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Open Source

Ask Slashdot: When and How To Deal With GPL Violations? 151

jd writes "There are many pieces of software out there, such as seL4 (kindly brought to my attention by another reader), where the vendor has indeed engineered something that they're entitled to Close Source, but where their closed-source license includes the modifications to GPLed software such as the Linux kernel. Then there's a second type of behavior. Code Sourcery produced two versions of their VSIPL++ image processing library — one closed-source, one GPLed. It was extremely decent of them. When Mentor Graphics bought Code Sourcery, they continued developing the closed-course one and discontinued, then deleted, the GPL variant. It's unclear to me if that's kosher, as the closed variant must contain code that had been GPLed at one point. Here's the problem: complaining too much will mean we get code now that maybe four or five people, tops, will actually care about. It will also make corporations leery of any other such work in future, where that work will be of greater value to a greater number of people. So, the question I want to ask is this: When is it a good time to complain? By what rule-of-thumb might you decide that one violation is worth cracking down on, and another should be let go to help encourage work we're never going to do ourselves?"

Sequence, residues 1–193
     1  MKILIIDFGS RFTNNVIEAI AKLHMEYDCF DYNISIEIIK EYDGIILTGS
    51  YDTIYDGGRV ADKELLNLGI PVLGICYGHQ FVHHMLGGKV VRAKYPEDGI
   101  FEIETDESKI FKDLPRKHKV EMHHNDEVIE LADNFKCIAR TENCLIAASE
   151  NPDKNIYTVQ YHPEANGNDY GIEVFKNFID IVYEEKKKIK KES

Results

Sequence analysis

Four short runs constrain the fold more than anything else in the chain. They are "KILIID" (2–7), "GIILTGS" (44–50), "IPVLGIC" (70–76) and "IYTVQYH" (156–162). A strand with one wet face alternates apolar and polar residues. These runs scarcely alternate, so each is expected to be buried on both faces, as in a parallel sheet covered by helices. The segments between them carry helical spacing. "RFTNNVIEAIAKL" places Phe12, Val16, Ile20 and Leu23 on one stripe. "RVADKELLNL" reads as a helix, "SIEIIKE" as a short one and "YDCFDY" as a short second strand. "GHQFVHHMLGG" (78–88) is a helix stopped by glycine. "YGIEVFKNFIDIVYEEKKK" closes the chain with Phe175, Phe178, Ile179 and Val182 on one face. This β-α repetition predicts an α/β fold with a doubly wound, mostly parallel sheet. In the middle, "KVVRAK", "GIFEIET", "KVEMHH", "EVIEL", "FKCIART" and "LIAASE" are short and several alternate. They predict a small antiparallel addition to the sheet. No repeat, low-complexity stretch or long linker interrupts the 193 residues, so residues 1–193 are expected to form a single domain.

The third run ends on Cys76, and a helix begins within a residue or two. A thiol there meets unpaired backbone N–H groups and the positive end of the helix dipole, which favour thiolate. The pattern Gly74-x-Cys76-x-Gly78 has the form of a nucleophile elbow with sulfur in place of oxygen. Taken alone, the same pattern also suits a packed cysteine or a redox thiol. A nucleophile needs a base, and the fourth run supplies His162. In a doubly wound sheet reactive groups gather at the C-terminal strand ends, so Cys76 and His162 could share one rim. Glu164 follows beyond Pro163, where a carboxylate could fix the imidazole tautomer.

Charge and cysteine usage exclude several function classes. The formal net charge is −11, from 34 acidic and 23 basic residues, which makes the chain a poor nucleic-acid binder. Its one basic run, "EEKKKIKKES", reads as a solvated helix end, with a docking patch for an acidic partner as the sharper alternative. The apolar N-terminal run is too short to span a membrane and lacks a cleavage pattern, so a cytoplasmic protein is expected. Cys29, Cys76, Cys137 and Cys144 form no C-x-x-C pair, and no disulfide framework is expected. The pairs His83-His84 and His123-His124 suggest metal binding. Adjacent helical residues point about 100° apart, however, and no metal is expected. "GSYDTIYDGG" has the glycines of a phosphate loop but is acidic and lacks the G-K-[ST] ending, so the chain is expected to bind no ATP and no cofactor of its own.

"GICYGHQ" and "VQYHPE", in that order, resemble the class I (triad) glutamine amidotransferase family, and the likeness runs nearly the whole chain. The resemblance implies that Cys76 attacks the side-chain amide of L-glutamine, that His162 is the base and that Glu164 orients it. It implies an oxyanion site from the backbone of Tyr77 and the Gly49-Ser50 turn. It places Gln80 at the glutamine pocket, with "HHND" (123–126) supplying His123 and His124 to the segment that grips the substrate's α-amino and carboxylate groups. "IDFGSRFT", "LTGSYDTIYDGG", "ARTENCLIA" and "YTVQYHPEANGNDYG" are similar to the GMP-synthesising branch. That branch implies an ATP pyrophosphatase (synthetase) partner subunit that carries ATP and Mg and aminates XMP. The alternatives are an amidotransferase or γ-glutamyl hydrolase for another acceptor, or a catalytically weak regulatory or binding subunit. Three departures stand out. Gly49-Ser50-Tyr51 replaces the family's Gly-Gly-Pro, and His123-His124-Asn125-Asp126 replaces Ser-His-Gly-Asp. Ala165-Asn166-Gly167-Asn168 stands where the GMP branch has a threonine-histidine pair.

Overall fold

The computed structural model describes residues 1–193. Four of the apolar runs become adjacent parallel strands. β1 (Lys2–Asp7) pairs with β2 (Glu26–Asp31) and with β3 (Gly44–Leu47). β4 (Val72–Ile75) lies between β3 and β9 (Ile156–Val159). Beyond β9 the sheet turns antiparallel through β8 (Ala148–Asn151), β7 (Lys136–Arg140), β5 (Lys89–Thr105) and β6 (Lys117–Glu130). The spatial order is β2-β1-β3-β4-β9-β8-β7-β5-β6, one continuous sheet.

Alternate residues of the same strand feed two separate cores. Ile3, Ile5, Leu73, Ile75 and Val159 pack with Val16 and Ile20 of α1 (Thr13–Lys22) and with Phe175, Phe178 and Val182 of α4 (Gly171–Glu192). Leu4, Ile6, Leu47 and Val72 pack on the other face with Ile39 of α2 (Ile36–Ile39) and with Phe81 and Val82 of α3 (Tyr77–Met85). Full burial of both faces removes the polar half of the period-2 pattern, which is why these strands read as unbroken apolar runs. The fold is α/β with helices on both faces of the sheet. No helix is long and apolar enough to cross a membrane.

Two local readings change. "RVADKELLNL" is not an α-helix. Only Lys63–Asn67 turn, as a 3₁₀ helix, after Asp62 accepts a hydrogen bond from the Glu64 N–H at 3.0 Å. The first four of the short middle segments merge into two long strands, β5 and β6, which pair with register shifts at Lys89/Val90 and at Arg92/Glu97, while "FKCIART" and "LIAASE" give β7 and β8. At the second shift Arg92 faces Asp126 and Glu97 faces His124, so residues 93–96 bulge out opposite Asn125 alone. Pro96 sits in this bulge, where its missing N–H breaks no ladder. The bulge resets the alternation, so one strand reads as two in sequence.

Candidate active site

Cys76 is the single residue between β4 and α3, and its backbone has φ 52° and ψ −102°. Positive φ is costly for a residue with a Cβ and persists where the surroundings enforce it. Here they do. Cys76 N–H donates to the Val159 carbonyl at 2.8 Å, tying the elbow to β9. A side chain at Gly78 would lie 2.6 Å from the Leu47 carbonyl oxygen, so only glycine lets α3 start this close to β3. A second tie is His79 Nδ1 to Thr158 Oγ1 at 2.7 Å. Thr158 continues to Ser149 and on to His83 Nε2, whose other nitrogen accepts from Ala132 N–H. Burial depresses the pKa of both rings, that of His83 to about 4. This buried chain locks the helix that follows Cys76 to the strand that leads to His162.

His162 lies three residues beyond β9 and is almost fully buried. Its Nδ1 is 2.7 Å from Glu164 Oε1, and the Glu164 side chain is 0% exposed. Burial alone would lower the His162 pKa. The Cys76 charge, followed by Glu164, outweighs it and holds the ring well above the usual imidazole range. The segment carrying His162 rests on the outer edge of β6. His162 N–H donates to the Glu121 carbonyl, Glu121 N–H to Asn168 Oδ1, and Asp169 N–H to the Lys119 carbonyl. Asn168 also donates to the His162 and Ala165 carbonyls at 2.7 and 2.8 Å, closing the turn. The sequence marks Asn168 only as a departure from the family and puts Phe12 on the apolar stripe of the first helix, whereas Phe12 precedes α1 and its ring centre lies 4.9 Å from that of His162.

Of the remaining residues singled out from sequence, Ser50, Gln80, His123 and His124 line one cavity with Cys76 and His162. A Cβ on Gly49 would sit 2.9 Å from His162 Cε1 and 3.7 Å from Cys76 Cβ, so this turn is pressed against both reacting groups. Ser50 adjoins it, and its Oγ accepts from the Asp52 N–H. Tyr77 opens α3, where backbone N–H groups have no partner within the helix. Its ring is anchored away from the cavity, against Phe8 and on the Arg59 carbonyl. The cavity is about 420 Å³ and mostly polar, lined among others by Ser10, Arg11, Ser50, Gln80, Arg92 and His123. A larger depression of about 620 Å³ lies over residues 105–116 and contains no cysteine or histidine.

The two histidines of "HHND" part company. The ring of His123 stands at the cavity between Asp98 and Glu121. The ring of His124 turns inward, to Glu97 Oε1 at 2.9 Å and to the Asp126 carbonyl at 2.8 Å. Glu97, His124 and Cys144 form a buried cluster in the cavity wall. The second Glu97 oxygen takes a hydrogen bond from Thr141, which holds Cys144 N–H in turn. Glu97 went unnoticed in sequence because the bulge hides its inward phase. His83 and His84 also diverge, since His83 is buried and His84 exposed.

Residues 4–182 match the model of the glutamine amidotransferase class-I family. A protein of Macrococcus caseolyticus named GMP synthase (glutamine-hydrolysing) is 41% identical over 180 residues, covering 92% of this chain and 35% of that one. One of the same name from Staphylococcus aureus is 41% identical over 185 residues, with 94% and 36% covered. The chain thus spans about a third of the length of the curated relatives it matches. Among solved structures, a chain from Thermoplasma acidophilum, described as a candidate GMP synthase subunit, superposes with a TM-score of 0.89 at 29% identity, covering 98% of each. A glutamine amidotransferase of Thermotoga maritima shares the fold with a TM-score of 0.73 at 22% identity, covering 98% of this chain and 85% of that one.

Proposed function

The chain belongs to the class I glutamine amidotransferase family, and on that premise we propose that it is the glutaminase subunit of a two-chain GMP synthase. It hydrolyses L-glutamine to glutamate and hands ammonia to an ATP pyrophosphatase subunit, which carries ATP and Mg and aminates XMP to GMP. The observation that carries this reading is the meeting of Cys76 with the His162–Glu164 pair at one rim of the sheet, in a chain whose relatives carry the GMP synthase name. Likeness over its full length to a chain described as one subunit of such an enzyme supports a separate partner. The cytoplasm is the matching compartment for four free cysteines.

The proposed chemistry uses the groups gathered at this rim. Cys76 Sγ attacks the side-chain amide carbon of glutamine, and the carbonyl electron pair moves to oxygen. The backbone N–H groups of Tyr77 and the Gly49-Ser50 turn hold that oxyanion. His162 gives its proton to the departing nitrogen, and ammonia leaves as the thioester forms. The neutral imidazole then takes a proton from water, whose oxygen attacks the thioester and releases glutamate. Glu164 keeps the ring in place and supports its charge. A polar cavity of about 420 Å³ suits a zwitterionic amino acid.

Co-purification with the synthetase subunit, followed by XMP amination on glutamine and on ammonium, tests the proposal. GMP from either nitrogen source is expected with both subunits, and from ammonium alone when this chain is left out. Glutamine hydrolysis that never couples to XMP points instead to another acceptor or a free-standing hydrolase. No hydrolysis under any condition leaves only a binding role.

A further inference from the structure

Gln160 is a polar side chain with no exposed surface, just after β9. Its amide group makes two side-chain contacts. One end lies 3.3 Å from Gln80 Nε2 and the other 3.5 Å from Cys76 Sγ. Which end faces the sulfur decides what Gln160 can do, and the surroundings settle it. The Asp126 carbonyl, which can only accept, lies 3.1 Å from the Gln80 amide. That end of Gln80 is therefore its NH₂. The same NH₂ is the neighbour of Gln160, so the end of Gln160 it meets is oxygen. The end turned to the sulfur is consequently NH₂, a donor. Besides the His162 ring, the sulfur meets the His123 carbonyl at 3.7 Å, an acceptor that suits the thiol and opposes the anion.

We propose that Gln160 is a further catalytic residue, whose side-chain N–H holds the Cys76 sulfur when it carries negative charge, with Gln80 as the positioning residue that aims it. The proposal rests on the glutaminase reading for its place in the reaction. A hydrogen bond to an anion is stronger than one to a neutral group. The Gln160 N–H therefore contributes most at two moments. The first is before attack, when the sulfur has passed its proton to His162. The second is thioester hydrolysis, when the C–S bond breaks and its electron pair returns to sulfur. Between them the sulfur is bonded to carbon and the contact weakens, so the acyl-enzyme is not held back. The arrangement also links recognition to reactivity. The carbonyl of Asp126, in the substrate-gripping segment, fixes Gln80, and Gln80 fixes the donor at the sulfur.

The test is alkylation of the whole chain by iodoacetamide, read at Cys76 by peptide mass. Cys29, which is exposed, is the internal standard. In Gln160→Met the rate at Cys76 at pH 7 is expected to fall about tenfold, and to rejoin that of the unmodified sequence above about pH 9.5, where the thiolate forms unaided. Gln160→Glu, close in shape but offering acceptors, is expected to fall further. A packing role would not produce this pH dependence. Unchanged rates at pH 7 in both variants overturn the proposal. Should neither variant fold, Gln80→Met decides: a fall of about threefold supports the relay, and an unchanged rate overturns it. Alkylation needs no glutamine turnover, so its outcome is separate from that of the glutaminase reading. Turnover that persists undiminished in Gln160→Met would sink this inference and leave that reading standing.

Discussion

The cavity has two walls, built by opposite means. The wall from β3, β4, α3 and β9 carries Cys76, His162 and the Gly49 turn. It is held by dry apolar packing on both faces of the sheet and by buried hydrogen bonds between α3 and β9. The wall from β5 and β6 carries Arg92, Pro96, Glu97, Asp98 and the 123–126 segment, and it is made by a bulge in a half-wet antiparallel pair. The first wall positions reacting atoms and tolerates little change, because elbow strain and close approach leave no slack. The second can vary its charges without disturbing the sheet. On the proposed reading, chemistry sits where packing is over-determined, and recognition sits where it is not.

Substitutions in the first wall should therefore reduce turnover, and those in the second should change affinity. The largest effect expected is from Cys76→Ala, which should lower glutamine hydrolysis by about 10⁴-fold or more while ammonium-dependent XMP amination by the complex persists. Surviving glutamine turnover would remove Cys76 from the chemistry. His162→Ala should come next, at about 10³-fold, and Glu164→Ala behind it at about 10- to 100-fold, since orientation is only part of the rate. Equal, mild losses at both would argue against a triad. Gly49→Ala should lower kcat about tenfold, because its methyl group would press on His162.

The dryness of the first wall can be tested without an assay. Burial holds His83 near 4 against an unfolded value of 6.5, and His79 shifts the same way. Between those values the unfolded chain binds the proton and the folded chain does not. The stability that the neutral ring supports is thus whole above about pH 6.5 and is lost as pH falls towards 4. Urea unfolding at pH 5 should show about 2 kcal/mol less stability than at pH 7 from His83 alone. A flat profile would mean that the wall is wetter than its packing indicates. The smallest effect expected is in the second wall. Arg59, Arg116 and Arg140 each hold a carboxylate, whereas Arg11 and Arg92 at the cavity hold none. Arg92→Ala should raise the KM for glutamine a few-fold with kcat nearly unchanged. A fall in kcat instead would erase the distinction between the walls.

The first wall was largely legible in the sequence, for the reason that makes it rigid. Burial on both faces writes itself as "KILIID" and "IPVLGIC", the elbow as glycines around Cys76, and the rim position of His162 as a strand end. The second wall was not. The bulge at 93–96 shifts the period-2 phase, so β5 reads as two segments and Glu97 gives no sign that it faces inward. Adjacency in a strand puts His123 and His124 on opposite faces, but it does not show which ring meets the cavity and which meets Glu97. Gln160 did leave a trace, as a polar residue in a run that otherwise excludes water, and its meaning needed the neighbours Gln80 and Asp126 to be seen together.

Canonical To Divert Money From GNOME 374

Julie188 writes "Canonical has reacted to backlash over its insane deal with Banshee by establishing a marginally better new deal. Banshee is a media/music player for Linux (and Windows and Mac) that supports music purchases via Amazon MP3. It will ship with Ubuntu 11.04. Amazon pays 10% to its affiliates — websites and software that send it business. Banshee had been donating its Amazon affiliate proceeds to GNOME. But Amazon's MP3 store competes with Canonical's MP3 store, Ubuntu One. So Canonical thought that it should help itself to 75% of the affiliate money from Banshee/Amazon sales and leave 25% for GNOME. The Banshee group said no thanks, we'll disable Amazon for Ubuntu users. Canonical is refusing to let Banshee disable Amazon. It has instead said it will contribute some money from Ubuntu One to GNOME but it still intends on keeping the lion's share for itself."

Thus spake the master programmer: "Time for you to leave." -- Geoffrey James, "The Tao of Programming"